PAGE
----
8. Mambo Kings

    The Future of One Design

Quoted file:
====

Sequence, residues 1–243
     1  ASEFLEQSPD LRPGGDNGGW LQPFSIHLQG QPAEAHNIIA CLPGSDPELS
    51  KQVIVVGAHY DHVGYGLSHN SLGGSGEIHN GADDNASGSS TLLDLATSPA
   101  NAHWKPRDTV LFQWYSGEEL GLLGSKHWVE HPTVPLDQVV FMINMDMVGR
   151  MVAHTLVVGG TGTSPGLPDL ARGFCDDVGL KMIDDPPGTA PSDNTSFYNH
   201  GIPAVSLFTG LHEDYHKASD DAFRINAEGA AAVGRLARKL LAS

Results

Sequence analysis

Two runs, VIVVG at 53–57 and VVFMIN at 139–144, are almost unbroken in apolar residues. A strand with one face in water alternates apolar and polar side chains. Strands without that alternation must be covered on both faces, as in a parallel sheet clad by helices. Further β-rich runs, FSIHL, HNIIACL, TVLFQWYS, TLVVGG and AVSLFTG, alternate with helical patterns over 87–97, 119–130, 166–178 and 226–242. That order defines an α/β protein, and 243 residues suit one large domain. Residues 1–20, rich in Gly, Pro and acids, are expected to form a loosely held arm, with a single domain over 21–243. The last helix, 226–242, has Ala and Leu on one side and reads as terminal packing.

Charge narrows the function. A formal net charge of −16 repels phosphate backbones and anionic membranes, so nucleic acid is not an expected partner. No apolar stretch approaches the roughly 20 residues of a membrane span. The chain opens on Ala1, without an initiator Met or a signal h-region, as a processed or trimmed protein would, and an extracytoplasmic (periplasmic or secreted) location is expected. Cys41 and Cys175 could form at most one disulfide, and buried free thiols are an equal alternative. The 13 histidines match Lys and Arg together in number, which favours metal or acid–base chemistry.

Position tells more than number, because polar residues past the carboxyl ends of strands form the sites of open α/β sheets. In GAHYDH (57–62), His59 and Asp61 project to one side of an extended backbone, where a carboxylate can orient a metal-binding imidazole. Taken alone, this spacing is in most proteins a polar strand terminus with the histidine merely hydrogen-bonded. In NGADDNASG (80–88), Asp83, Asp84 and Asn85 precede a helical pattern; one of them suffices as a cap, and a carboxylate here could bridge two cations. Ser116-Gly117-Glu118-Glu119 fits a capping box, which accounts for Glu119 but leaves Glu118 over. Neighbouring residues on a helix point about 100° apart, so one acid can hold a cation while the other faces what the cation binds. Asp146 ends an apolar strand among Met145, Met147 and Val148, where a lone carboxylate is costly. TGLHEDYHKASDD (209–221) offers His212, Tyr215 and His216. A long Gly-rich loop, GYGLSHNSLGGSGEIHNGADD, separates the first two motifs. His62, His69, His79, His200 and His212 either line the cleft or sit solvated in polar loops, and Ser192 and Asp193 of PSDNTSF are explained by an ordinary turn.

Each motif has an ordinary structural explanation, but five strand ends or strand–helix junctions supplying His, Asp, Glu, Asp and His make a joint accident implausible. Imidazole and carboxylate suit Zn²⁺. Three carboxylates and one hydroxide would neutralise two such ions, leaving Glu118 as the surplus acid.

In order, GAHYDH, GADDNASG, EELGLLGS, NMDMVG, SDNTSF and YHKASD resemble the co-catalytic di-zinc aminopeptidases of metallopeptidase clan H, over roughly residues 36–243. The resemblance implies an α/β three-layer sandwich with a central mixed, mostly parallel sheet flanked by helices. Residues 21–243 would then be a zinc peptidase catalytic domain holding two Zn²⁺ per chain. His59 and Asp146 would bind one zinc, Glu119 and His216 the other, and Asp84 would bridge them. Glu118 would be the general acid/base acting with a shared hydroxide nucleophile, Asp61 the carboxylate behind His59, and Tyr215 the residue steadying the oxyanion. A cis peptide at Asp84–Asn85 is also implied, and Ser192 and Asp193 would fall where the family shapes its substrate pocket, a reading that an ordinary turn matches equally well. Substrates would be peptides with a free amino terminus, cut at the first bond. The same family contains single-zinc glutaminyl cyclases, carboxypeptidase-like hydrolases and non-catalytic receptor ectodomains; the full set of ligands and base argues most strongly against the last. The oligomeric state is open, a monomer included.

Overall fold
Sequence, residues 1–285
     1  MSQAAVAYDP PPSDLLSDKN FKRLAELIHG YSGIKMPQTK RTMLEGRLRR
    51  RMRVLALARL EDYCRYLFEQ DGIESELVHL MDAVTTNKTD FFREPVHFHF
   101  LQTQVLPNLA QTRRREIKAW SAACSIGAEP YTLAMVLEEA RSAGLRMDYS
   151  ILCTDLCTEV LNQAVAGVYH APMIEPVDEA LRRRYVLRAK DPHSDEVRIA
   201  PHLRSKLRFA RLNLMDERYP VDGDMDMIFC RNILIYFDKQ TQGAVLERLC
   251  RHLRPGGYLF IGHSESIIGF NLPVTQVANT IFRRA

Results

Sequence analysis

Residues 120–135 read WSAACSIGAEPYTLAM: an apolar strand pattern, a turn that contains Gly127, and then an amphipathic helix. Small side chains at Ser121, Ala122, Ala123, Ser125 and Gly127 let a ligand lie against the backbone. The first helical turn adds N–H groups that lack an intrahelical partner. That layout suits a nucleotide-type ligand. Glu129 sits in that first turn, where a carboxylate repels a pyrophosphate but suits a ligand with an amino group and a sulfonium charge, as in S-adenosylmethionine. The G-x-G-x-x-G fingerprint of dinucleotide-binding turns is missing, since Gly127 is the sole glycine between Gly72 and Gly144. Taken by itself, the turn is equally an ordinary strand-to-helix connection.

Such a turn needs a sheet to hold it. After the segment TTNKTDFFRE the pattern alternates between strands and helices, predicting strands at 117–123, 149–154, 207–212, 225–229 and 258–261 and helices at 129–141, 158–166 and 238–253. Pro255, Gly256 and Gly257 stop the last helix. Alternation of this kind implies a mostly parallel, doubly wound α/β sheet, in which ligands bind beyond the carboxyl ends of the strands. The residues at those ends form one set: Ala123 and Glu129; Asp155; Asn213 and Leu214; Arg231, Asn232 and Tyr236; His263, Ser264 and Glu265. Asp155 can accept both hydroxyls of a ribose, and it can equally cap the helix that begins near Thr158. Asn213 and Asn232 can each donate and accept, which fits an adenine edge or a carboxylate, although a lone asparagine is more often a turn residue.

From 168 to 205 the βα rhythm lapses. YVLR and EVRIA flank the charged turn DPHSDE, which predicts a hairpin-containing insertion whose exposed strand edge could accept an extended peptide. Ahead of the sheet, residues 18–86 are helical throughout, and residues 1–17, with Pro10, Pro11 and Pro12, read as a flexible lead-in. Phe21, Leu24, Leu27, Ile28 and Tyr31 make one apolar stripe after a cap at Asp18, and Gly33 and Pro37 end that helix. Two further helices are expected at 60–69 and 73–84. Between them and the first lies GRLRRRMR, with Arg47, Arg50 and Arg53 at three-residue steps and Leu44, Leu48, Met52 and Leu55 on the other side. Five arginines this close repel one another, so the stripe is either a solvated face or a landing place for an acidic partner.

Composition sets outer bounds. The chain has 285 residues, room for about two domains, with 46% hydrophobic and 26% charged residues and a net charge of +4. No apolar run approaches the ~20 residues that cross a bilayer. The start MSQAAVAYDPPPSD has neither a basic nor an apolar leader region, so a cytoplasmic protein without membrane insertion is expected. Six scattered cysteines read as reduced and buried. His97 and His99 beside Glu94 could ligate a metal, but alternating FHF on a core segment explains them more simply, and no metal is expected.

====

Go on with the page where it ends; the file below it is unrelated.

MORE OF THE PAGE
A bit more about the Class Controlled SMOD approach. The essence of the Viper 640 model is that it is not a class controlled box rule. It is truly class controlled manufacture. The Class appoints the builder and owns the build book. In effect it is most similar to Melges and/or RS (both of who own the design and build book and appoint 3rd party builders to build identical boats) EXCEPT that the class association owners are in control. The Vipers builder cannot deliberately build better boats because the mandate from the class is to build as close as possible identical boats. The class owns 3d laser scans of the hull and foil shape. The Viper builder cannot exert monopoly pricing because the Class can review pricing. We seek to ensure that the builder has a very healthy profit margin ( a profitable builder is essential to any successful OD class) However if we identified price gouging, there would be a respectful conversation. In our case, Rondar totally understands than one of the four pillars of the Viper's success is "affordability" so we have never had this problem. On the contrary we have healthy discussions about how to balance keeping the cost of a new boat compelling vs the occasional additional feature. You might be surprised to discover that most of the conversations stem from the executives of the owners class association looking to add a new feature as standard on a new boat and Rondar pricing up the cost increase to a new boat so that we can have an informed decision. Over time, I (admittedly biased) think that class and builder have done an extraordinary job of providing a new boat which has stayed modern and relevant at a compelling price point. We have 3 cost advantages (inside the Class we call it Vipernomics):- 1. Owners are buying their boat directly from the builder. There is no middleman, no brand owner and no dealer network. This is huge compared to RS or J Boats where typically the dealer, importer and license owner would have to make anywhere from 30% to 100% at this price point above the price that it left the factory door. The Viper model is the equivalent of buying an RS or J boat directly from their subcontracted builder. 2. The builder (and thus the owner) pays no royalty fee for the boat design. The Class controls and owns the right to build the Viper 640 and naturally we want the boat to be affordable and the class to grow. Our objective is not to make money on new boats , but in fact to subsidize the growth of the Class. We have plenty of alternative revenue sources (this is a very well funded class association) so we do not need to generate revenues from new boats. 3. The Class provides a significant portion of the cost and resources associated with promoting the class and the boat. The power of volunteer driven promotion activity should not be underestimated. It would cost hundreds of thousands to replicate. Importantly , it is layered on top of a substantial and well managed promotion budget run by a professional class administrator who ensures that the "Viper grass roots army" is supported by a cloud based digital library, crm software, social media management etc. I have over-simplified the Viper approach by calling it "Class Controlled SMOD". Of course, there is nothing to stop the International Viper Class Association from appointing more than one builder. Our constitution, builders contract and World Sailing contract allow us to do that. However we find there are several advantages in a closely supervised single manufacturer relationship. The reasons for that decision would provide material for another post as least as long as this one